Pennsylvania's decision to site Philly's second casino in the stadium complex maintains the city's losing streak.
Generic, formulaic, and cookie-cutter, the drive-thru 'Live!' complex looks like a strip shopping center in nowheresville and will add little more than traffic and parking spaces to the urban fabric. It's a bit like SugarHouse, Philadelphia's other, just-off-the-exit-from-I-95 casino, but less appealing. 'Live' looks dead.
A rejected propsal for a far better location -- 8th and Market, at the nexus of the region's mass transit system and adjacent to its tourist and convention destinations -- would have made better sense. It would have added energy to a street the city has been trying to revive for more than half a century.
"When I ate lunch there and heard they were closing, I asked if I could buy one of the Indian statues," says Collison, 63, of Southampton, Burlington County. "I paid $100 for it and carted it home. Now it's on my porch."
A retired real estate agent and former Playboy bunny, Collison began eating at what was then a diner in 1959. She went to the Indian Chief with her parents and brother on Sunday afternoons, and when she moved back to South Jersey 11 years ago after living in Florida, the Route 70 eatery again became a regular stop.
Two shopping malls in Paramus, NJ - a retail powerhouse despite its blue laws - will open on Thanksgiving, aka Black Friday Eve.
Because shopping is America's most important product, the Friday after Thanksgiving has evolved. Spectacularly. For which we can thank the machinations of marketeers. Assisted, it must be acknowledged, by blanket coverage from the short-staffed, slow-news-day media.
Thus, a day when compulsive bargain hunters trample each other to snag rock-bottom 'doorbusters' has itself become a holiday. And what better way to celebrate a holiday than to start celebrating early? Particularly when the holiday is a big chunk of the biggest chunk of an economy that used to make, rather than charge, stuff.
Another out-of-town reporter has parachuted into Camden and compiled a dispatch from America's most (insert adjective) city. And as is so often true of journalists generally and headline writers in particular, he's...searching for answers.
"Can you gentrify America's poorest, most dangerous city?" Peter Moskowitz wonders for Gawker, the website that takes gossip as seriously as news.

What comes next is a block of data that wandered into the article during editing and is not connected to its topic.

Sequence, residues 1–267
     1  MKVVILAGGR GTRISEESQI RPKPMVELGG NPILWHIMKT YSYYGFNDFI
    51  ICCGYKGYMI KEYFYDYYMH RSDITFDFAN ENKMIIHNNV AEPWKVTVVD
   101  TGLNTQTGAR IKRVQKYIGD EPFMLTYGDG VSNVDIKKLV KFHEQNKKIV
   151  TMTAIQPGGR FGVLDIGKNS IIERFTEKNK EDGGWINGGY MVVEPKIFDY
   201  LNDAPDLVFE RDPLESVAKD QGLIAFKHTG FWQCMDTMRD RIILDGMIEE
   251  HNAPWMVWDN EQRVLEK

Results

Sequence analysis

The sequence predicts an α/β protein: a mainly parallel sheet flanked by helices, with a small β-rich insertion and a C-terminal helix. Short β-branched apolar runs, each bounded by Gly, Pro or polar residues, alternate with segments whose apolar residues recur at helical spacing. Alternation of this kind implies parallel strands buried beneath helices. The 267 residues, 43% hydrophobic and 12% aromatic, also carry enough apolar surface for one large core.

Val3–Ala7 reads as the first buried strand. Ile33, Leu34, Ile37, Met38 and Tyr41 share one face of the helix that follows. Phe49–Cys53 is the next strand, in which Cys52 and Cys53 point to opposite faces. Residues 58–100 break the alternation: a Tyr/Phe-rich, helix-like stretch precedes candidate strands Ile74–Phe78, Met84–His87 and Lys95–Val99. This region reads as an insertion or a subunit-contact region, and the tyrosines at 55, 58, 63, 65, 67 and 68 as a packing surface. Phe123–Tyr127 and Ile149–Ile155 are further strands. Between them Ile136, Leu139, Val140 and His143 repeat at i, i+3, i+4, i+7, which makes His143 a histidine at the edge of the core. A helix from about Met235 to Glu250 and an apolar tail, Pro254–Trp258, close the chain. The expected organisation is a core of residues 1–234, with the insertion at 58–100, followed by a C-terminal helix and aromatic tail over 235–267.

"Can you pose a better question?" I wonder, reading Moskowitz's well-written, but paint-by-numbers, piece. The Brooklyn writer, who's working on a book about gentrification, insists that not one but two of the "narratives" favored by journalists should be combined to tell the city's story: Camden is profoundly poor and dangerous, but there are (simultaneously) signs of hope. Stop the presses and hit send.
City artist Jim McHugh's "Turn Woodbury's Bottom Dollar into a Trader Joe's" Facebook page went up Thursday, and by Friday morning had attracted more than 1,000 likes. And Ryan Morrison, who owns Tiki Tiki Board Games on Broad Street, is offering to get a Trader Joe's tattoo for the cause.
"It says how much demand there is for something like a Trader Joe's in the area," says McHugh, who with his artist wife, Erin, hopes to open a downtown studio and retail space. Adds Morrison, who was born and raised in the city, "I already have a tattoo in the shape of New Jersey, with a little heart on it where Woodbury is."
Seems a song was stricken from the program at the Philadelphia tribute to Nobel winner Malala Yousafzai because it sounded much, much too patriotic -- too unapologetically 'pro-America' -- to some of her advisers' ears.
I got this.
A picture-perfect day, a postcard backdrop and a bunch of cute kids in Medford Tuesday boosted the campaign for a yes vote on New Jersey's Public Question 2.
The sunny gathering at Johnson's Corner Farm -- a Burlington County landmark saved from development a dozen years ago -- was organized by a coalition of environmental and other groups called Keep it Green. The Nov. 4 ballot measure would dedicate existing tax and other revenues to replenish the Garden State's depleted farmland preservation, historic preservation, and open space and urban parkland programs.
Voters have approved such measures 13 times since 1961, and suppport traditionally has been bipartisan, said Kelly A. Mooij, vice president of governmental relations for New Jersey Audubon and the coordinator of Keep It Green. Nearly 210,000 acres of farmland statewide has been preserved from development, but New Jersey Green estimates that another 350,000 must be protected in order to "maintain a viable agriculture industry -- the state's third largest."
Urban waterway enthusiast Justin Fornal says he swam the Cooper River through Camden to make a point and get publicity -- about the city, not himself.
"Camden gets portrayed as this apocalyptic place, and there's more to it," Fornal says from the Bronx, where he runs a filmmaking company and has gained a measure of fame as a flamboyant 'culinary anthropologist' and Cooking Channel personality named Baron Ambrosia.
Fornal, 36, swam the Bronx River in 2013 and says he decided to try the Cooper after becoming acquainted with the emerging arts scene in Camden, as well as the fabulous cheesesteaks at Donkey's Place on Haddon Avenue. The Connecticut native swam perhaps four miles of the river -- which is far cleaner than it used to be, but rarely used by swimmers -- and made landfall at Petty's Island, just north fo the confluence of the Cooper and the Delaware.